That said, Miller feels it’s as talented a group as he’s had at Arizona, just not as experienced. He does have some pretty good parts in places, despite saying he could very well go only eight deep rather than 10.

“I love the talent on our team, but I don’t think we’re going to walk out there and overwhelm every team that we’re going to play,” Miller said. “We’re in a position to win, but there will be nights where we will have to play an excellent game to do that.”

The experience will come from junior guard Nick Johnson, sophomore 7-foot center Kaleb Tarczewski and 6-8 sophomore forward Brandon Ashley.

And then have a true point guard running the show in T.J. McConnell, who takes over for Lyons, who handled the point responsibilities for one season out of necessity. McConnell, a transfer from Duquesne, could be the best point guard UA has had since Jason Gardner more than a decade ago. The fact that he spent last season sitting out — and working out — with the team should makes for a smooth transition.

“We know what he can do and equally important is that he has great familiarity with not only his teammates but our system,” Miller said. “He brings the element of experience, and his style of play impacts the game on defense and offense.”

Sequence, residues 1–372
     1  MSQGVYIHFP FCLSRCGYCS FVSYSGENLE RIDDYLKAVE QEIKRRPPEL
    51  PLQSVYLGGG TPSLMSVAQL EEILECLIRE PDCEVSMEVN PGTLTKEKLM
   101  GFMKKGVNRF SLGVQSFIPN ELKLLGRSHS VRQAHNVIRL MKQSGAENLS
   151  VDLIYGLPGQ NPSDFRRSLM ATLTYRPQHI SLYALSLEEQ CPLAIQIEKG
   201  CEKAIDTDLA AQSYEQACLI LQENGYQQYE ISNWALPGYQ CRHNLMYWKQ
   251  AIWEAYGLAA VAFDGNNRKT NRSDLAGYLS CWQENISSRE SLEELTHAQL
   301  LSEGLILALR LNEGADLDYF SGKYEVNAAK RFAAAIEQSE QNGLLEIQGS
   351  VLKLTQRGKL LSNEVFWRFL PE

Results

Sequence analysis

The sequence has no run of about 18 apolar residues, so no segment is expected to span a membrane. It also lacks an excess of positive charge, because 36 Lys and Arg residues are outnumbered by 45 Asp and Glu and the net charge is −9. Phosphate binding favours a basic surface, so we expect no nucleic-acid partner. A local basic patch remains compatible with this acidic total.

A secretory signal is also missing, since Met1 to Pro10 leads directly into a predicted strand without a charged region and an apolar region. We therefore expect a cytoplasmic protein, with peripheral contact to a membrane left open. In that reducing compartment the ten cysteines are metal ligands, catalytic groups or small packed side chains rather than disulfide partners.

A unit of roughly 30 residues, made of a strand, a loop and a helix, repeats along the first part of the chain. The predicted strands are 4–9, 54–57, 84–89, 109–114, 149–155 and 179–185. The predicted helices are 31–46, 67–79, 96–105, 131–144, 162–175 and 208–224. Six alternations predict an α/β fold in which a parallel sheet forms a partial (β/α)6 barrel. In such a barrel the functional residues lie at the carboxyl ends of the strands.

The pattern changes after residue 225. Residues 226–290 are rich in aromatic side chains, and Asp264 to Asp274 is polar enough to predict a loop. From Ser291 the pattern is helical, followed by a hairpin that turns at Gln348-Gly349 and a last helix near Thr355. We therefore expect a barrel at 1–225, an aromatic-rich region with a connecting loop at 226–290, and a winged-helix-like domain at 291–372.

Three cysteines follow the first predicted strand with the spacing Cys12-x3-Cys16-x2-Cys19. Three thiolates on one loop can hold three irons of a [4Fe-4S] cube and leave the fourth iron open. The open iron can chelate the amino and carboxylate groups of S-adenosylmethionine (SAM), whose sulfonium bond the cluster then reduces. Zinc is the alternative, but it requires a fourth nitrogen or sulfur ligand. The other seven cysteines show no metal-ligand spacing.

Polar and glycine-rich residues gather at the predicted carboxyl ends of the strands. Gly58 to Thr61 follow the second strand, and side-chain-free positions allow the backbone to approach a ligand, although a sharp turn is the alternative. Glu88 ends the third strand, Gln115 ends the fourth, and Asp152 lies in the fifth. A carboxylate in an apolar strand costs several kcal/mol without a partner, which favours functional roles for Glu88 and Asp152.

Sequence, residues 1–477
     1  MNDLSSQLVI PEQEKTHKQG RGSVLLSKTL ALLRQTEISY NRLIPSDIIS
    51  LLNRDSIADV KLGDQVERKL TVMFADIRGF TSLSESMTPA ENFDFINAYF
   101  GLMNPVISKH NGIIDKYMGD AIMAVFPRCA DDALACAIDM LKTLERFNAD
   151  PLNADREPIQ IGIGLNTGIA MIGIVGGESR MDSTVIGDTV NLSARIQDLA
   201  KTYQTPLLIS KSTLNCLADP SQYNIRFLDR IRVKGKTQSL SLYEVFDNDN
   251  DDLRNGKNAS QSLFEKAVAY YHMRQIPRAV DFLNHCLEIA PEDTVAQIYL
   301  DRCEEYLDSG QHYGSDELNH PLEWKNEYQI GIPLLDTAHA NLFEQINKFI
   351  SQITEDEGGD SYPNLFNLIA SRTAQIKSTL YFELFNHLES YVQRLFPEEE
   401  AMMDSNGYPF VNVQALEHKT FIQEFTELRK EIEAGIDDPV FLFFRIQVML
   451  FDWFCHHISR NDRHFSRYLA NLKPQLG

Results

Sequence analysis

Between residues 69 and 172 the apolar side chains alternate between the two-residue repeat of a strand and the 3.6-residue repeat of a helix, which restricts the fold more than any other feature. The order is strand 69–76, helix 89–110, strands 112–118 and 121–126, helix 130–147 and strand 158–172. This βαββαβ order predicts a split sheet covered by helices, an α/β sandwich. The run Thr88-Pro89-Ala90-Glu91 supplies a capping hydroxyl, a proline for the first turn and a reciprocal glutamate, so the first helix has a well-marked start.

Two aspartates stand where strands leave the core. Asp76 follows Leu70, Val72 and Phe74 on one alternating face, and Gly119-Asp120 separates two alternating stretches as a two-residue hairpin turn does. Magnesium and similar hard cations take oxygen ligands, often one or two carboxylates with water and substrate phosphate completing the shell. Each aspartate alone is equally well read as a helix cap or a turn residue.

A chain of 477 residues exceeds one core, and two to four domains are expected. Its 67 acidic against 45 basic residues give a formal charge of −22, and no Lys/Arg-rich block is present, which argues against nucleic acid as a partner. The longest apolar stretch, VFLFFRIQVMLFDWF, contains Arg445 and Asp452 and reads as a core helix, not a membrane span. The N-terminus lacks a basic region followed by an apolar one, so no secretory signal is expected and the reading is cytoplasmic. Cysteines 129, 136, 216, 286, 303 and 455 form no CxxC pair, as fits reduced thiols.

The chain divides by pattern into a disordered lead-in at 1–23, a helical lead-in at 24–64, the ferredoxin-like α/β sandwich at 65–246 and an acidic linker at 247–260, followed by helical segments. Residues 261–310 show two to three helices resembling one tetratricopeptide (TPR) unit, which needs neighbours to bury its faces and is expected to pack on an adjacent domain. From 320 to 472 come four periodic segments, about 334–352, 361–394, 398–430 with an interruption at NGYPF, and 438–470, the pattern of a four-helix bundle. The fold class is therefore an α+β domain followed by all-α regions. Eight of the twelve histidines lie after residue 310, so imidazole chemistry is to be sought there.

He’ll have a formidable frontcourt  to work with, despite Miller’s concerns about depth. How’s this for starters: Gordon and sophomores Ashley and Tarczewski. Tarczewski lost 20 pounds and is “leaner” and quicker than a year ago. Ashley is confident and ready to take on a bigger role.

“He’s been very hungry since our season ended a year ago to be better and has put a lot of work in,” said Miller.

Ashley said he “practically lived in the gym” this summer. He worked on his “motor and worked on his outside game.”

Can he be one of Arizona’s scorers on the perimeter, a dire need? Ashley pointed out that even though he took only three 3-pointers last year, he hit all of them.

“I didn’t feel comfortable with it, but it was something I didn’t feel I needed to do, but this year I’m going to have to step up my role,” he said.

Tarczewski feels the same way.

“I worked real hard, working on a mid-range jump shot and worked on quickness,” Tarczewski. “I really think this is going to be a great year.”

As for the expectations? Gordon says there’s no point in obsessing on them, or shying away from them: “Without a doubt I feel we can compete with anybody in the country, we just need to play hard every game. All we need to do is reciprocate the other team’s energy and add something on to it.”

Notable

Peters, who transferred from Kansas after suffering multiple concussions last year, committed to UA in May and has petitioned the NCAA for immediate eligibility. He’s done everything but fullcourt drills, Miller said.

“We’ve done everything that we need to do, Zach’s family has done everything they need to do. Kansas has been incredibly cooperative,” Miller said. “They’ve done everything they need to do. It’s probably as simple as one person picking up a piece of paper, walking 50 feet and dropping it off on a desk, and that (next) person picking up the paper and putting a check mark on it. But we’re not there yet.”